Localizing signatures of catastrophic failure (LOCAT)

Lead Research Organisation: University of Edinburgh
Department Name: Sch of Geosciences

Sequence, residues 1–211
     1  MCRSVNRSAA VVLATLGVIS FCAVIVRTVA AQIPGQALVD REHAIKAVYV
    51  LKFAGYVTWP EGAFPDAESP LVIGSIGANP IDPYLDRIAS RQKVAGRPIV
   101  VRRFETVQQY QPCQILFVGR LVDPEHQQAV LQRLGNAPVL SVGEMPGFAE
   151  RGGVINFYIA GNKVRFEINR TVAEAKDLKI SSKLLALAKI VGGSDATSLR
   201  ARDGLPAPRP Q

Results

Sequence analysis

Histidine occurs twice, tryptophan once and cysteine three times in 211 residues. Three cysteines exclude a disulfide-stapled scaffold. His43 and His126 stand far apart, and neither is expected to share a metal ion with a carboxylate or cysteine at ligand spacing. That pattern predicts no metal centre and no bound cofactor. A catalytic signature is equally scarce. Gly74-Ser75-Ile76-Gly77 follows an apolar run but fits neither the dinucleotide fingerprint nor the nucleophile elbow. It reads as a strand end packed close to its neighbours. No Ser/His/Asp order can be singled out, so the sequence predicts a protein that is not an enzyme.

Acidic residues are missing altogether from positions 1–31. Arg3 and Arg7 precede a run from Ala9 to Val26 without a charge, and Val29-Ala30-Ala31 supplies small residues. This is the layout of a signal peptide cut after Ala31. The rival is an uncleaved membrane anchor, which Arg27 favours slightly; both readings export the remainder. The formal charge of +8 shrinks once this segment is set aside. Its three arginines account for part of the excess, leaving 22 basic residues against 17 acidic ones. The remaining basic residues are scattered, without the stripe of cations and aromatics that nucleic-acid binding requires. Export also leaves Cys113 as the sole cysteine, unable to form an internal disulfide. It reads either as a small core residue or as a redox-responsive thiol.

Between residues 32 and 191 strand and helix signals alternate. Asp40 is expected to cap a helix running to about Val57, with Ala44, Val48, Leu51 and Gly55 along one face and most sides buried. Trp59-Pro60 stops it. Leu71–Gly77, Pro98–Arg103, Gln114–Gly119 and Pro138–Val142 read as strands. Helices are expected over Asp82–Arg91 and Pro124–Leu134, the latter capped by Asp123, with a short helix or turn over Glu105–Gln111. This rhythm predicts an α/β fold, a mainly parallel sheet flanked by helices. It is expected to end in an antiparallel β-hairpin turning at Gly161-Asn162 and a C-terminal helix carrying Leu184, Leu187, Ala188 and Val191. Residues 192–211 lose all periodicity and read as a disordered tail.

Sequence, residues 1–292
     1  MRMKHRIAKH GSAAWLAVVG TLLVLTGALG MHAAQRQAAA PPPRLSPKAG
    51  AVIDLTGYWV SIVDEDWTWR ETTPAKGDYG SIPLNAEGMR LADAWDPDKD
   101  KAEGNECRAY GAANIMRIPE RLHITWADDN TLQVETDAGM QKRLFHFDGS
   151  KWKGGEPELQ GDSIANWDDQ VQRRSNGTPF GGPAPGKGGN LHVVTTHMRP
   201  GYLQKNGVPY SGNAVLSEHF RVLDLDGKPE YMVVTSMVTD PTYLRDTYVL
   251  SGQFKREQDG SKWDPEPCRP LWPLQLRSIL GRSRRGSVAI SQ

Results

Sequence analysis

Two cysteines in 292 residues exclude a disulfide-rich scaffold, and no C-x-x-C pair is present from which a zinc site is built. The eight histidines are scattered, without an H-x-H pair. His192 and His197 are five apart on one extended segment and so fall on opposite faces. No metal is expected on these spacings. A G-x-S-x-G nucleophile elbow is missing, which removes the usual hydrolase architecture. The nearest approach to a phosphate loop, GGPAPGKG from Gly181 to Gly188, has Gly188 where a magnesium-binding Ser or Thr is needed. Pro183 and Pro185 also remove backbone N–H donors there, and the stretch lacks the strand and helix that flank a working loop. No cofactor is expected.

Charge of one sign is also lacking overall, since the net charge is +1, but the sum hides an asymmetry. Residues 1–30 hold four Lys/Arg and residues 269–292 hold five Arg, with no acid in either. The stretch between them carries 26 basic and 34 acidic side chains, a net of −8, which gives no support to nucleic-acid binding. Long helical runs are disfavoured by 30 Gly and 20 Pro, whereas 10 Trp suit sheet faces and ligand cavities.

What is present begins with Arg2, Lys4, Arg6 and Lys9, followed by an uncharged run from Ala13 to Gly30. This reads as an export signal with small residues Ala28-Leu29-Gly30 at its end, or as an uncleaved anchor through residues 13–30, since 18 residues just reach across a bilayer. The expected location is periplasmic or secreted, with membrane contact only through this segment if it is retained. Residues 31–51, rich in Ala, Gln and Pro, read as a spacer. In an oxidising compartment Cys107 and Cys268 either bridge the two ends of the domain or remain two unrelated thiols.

Complex materials, like ceramics, rocks and the Earth's crust, often break in a catastrophic manner, after a long period of sustained or fluctuating stress. Similar catastrophic failure events also happen in biological and social systems, as mass extinctions, tipping points, and stock market crashes, and a range of tools have been developed to address these under the general framework of 'complexity science'. Here we will use these tools to look for patterns of behaviour, and their underlying causes, in the transition from the relatively stable phase of stressing a composite natural or synthetic material to its ultimate failure. We will focus on disordered porous media such as natural rocks and combine characterization using high-resolution C-T scanning with numerical modelling of the deformation and failure process, and analysis of laboratory and natural data on deformation up to the geophysical scale, in order to address the following questions.I. What role does localisation of deformation play in global acceleration to failure?II. What is the predictability of the acceleration phase in statistical terms?III. Are there any universal signatures of the spatio-temporal evolution of damage which permit lifetime estimates for single samples?IV. What are the scaling relations that link simulations and laboratory tests to the geophysical scale.